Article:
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R. Lee Aamodt

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R. Lee Aamodt 1917 ~ 2006 R. Lee Aamodt , the oldest of four children of Mary Villa (Fairbourn) Aamodt and Albert L. Aamodt, was born on February 14, 1917 and, at the age of 89, died peacefully on September 4, 2006 at his home and with his family at his side in Jaconita, NM. Lee was born in Granger but grew up on 45th South in Murray where, as a young man attending Murray High School, he was very interested in amateur radio (QSL card W6FPJ). In 1938 he joined the U.S. Navy, where he served as a radioman during World War II and, while stationed in San Diego, married Barbara Quinn on Feb. 14, 1941. He was discharged with the rank of Chief Petty Officer in 1945. Following the war Lee returned to the University of Utah to complete his bachelor's degree. While attending the University of Utah he worked for radio station KDYL at their transmitter terminal a few miles west of State Street. He then went on to the University of California, Berkeley, where he received a Ph.D. in physics in 1951. In that same year he began a career as a scientist at the Los Alamos National Laboratory in New Mexico. He remained at the lab until his retirement in 1982, and during this time participated in a large number of nuclear tests at the Nevada Test Site, the South Pacific, and other locations. During the latter part of his career he worked on developing geothermal power sources as part of the Hot Dry Rock project. Dr. Aamodt received many awards and recognitions during the course of his career. After his retirement he was happy to find time to pursue his hobbies which included astronomy, solar power, and gardening at their New Mexico country home. Lee was devoted to his wife Barbara and their five children-- three sons, Roger, Paul and Eric, and two daughters, Christine and Denise. He is survived by all five children and their families, his wife Barbara, and a brother, Melvin H. Aamodt of Turlock, California. His parents, as well as his two sisters, Marion Arlene Silver and Shirley Constance Bradford, are deceased.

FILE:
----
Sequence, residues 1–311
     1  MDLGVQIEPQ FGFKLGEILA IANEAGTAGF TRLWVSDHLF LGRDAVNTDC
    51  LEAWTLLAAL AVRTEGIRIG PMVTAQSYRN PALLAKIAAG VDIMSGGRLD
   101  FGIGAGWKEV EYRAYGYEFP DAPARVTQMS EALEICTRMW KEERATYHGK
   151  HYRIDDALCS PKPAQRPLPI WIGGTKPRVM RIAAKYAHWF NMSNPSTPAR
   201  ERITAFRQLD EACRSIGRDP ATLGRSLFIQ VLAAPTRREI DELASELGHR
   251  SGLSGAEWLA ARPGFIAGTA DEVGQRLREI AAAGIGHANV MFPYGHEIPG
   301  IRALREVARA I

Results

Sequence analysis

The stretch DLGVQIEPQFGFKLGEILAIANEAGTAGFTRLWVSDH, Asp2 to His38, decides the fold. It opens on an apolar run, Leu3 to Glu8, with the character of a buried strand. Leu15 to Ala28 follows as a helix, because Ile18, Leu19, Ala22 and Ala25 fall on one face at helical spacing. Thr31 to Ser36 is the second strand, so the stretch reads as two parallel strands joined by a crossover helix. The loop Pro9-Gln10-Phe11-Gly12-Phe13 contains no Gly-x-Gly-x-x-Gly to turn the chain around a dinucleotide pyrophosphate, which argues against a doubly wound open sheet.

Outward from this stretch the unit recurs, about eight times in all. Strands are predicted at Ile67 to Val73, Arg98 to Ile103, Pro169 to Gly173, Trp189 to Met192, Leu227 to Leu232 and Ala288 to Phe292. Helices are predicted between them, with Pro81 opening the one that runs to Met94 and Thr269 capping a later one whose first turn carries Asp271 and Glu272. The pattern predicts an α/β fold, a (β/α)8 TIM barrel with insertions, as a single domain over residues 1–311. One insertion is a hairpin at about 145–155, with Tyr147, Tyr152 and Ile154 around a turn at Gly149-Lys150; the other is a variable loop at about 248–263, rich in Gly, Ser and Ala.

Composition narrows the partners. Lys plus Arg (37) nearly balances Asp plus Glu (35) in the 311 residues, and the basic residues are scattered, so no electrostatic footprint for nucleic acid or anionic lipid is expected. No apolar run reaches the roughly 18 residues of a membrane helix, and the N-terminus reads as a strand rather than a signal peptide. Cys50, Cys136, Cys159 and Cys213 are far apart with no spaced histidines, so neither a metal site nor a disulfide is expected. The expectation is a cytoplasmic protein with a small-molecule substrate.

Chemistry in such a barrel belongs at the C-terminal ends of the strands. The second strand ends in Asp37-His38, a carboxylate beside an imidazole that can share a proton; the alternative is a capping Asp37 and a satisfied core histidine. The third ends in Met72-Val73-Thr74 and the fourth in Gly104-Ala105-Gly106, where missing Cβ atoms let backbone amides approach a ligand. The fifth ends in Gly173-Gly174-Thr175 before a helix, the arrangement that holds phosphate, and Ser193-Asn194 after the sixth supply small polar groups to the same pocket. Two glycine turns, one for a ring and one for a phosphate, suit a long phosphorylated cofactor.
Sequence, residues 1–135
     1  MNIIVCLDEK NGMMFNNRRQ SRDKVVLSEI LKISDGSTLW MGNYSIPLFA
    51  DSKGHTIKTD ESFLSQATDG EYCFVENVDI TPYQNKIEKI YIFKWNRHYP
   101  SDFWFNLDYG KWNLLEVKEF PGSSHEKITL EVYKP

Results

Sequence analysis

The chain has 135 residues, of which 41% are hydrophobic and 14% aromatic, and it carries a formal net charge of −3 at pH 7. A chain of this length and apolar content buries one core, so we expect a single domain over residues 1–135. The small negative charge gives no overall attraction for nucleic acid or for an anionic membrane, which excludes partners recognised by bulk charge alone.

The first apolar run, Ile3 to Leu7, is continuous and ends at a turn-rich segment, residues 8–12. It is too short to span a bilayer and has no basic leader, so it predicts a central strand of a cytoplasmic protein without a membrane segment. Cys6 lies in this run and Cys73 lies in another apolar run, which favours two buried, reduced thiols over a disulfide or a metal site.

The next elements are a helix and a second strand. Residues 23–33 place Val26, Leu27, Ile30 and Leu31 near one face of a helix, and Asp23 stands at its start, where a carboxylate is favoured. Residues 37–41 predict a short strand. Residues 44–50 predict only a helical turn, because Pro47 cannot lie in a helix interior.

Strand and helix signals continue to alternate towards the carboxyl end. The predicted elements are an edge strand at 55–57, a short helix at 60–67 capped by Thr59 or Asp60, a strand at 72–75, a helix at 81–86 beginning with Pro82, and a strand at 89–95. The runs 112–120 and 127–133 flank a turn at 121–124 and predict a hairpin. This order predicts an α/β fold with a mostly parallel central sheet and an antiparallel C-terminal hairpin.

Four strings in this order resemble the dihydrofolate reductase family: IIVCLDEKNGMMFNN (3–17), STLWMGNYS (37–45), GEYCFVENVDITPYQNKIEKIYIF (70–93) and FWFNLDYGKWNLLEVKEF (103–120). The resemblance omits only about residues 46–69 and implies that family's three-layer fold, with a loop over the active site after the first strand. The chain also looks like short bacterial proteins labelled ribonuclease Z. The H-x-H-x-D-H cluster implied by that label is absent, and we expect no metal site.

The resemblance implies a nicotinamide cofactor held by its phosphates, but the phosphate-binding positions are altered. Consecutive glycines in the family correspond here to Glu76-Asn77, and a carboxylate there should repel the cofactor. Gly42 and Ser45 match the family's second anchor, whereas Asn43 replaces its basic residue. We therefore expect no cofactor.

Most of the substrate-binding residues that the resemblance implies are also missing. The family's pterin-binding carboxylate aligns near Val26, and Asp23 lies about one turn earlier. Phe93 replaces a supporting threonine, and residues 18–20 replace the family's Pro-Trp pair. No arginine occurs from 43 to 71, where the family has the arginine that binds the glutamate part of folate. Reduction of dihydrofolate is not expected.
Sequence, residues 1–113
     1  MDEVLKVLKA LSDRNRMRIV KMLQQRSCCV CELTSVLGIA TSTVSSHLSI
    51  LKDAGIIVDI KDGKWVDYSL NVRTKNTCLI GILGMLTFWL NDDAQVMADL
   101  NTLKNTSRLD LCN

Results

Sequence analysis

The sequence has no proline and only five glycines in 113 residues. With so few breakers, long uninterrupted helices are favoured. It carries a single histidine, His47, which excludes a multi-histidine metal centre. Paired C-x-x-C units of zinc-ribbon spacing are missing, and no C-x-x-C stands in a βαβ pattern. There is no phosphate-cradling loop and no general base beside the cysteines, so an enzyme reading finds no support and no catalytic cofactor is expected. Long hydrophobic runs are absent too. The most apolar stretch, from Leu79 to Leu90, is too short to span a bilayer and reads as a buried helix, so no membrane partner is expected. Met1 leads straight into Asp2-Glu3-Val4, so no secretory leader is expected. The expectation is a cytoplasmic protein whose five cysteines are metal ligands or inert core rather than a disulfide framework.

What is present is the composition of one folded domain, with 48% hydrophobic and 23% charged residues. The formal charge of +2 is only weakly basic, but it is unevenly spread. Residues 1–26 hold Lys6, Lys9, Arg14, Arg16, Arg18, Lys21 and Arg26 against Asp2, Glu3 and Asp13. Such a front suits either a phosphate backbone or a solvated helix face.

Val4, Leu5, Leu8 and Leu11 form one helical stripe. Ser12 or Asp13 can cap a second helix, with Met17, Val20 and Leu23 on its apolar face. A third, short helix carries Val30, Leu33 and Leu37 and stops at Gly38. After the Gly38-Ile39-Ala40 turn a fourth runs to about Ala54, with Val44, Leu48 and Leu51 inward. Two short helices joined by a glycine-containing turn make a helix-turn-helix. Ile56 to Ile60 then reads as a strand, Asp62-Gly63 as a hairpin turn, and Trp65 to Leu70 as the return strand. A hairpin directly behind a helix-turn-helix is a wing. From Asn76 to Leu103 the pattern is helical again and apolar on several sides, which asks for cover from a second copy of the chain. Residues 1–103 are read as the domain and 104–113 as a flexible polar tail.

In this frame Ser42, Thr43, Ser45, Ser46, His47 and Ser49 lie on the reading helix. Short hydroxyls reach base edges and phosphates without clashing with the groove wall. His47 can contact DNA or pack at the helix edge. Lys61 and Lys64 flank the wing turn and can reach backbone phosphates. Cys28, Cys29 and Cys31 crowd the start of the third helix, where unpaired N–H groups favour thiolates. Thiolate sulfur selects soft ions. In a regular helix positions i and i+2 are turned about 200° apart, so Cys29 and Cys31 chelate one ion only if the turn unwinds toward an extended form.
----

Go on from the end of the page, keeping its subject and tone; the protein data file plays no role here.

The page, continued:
Published in Deseret News on Nov. 11, 2006
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